Southbank/Harbour Precincts

From: Kevin Frey


Hello,

I am new to property investment and considering "jumping in". I don't know whether the time is right or not and on the one hand I feel the marketing is peaking out and on the other hand I don't want to wait around for 5 years and then think "gee, I wish I had ...".

So, my question relates to the high-rise accommodation being built at Southbank on the harbour.

Several people have said to me avoid locations that can just go "up and up and up" (height-wise) because it's easy to end-up with oversupply. Southbank will obviously be a lifestyle area.

I'm comparing it to Port Melbourne which, from which I was reading, had units selling for $250K perhaps 3 years ago that are now worth 2-3 times that.

There are so many questions I'd like to ask, I guess I'll just start with that.

Thanks

Kevin.
 
Last edited by a moderator:
Reply: 1
From: Brian Haynes


there has been a number of articles in the local papers about these hi
rises in the Docklands and Southbank regions.
The general consensus is that the is an over saturation of these type of
dwellings, no capital growth, and built to a cost . Also most are investor
owned and many are having trouble renting at a reasonable figure.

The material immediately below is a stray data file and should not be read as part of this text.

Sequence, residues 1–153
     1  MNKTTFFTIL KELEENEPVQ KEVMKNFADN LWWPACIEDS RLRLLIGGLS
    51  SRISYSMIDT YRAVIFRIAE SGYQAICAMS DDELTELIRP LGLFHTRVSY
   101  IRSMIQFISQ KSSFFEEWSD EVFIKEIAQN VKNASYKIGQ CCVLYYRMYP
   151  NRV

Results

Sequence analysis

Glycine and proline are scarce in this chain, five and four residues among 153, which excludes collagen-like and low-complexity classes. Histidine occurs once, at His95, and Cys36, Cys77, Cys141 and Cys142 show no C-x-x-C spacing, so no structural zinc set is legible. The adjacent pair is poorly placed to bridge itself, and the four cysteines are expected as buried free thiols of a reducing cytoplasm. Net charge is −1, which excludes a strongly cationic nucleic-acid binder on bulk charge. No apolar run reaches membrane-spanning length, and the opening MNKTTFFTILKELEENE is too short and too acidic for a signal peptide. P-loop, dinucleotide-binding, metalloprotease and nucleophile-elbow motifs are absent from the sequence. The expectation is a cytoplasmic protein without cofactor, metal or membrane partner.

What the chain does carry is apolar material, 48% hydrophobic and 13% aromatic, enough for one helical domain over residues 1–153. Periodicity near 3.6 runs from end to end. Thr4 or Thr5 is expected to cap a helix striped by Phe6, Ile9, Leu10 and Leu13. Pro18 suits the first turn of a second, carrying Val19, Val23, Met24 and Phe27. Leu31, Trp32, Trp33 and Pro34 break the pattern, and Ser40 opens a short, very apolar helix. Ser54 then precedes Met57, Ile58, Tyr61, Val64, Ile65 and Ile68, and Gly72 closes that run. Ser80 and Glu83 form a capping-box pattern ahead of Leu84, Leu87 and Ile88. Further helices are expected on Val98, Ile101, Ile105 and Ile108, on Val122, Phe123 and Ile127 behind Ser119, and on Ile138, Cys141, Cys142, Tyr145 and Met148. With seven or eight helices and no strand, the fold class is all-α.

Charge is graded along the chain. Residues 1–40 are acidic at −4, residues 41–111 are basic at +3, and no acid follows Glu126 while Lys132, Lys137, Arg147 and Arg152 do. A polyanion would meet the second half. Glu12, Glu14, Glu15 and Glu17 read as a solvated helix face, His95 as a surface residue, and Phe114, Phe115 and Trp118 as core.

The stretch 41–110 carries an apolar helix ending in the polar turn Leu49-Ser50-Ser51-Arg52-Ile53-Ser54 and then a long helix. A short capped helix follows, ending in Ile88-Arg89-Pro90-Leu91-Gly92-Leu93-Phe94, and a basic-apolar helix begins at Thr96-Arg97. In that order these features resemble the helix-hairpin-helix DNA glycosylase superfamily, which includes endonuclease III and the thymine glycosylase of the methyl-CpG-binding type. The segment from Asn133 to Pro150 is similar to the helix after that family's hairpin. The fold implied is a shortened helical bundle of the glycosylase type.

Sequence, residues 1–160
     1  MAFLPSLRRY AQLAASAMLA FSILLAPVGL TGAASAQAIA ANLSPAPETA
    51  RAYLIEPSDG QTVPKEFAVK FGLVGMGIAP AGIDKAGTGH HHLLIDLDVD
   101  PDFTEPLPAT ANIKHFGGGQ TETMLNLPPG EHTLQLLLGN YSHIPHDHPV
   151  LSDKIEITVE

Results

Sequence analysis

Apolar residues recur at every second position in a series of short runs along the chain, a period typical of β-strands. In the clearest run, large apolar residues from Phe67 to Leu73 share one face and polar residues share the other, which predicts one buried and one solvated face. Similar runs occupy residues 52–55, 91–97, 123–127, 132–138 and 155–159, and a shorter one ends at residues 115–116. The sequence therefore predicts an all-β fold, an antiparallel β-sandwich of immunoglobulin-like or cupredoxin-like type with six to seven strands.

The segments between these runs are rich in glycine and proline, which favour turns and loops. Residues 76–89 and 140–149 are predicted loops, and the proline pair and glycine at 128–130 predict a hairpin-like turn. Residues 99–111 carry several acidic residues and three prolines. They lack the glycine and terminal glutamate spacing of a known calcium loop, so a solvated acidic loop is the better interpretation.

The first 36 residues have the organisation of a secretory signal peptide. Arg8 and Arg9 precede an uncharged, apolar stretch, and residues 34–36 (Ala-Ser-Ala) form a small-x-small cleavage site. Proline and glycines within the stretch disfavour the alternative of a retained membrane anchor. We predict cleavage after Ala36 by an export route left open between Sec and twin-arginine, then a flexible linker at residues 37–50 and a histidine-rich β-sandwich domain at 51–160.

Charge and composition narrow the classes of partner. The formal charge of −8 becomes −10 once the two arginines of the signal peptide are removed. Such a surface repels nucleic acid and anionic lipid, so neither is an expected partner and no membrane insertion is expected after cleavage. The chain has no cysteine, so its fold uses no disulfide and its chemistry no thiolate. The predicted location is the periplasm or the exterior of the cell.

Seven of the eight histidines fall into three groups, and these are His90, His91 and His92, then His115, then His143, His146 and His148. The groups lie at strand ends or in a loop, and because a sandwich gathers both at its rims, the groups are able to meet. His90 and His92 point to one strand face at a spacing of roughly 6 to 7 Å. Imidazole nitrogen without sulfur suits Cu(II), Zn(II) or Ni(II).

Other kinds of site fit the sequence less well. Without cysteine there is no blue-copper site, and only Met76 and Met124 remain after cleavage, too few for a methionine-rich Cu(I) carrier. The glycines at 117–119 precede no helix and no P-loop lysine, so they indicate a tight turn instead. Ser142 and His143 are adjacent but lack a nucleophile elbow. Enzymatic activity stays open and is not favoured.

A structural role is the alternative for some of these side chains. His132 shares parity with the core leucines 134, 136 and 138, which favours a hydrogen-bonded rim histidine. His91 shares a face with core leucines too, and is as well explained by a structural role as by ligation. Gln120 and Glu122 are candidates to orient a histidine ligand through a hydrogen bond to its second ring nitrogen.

With the vast number to come on in the next 12 months it is only going
to get worse
 
Last edited by a moderator:
Reply: 1.1
From: Kevin Frey


I guess my head is telling me exactly that, but my heart is saying that once the lifestyle aspect of Docklands kicks in, things might turn around. Most people love living near water for some reason.

I was walking around Port Melbourne the other weekend (the weekend the Spirit of Tasmania was open for inspection) and really like the vibe of Port Melbourne and given property prices there are sky-rocketing I wonder if the same would happen in Docklands once it establishes.

I was therefore wondering if now was good opportunity to get in on the ground floor, as an investment.

Would Port Melbourne be considered a better proposition - at least they probably have restrictions on how high the towers can be built.

When you say people have difficulty getting reasonable rental returns can you give an example (eg. %-wise)?

Thanks

Kevin.
 
Last edited by a moderator:
Reply: 1.1.1
From: See Change


Kevin , there are areas that I think will make good long term investments , eg Pyrmont in sydney , but due to over supply and the state of the market , I don't think now is the time to buy there. I'll watch to see what happens and maybe later I will . Docklands maybe in the same situation. Australia doesn't have the track record of people living in close proximity to each other and the city that many other countries have , however ( IMHO ) this is likely to change.

We know some people who have smaller town houses / houses in good positions and a place 1-2 hours outside the city where they go for weekends.

see change

it's better to be guided by your dreams than your fears
 
Last edited by a moderator:
Top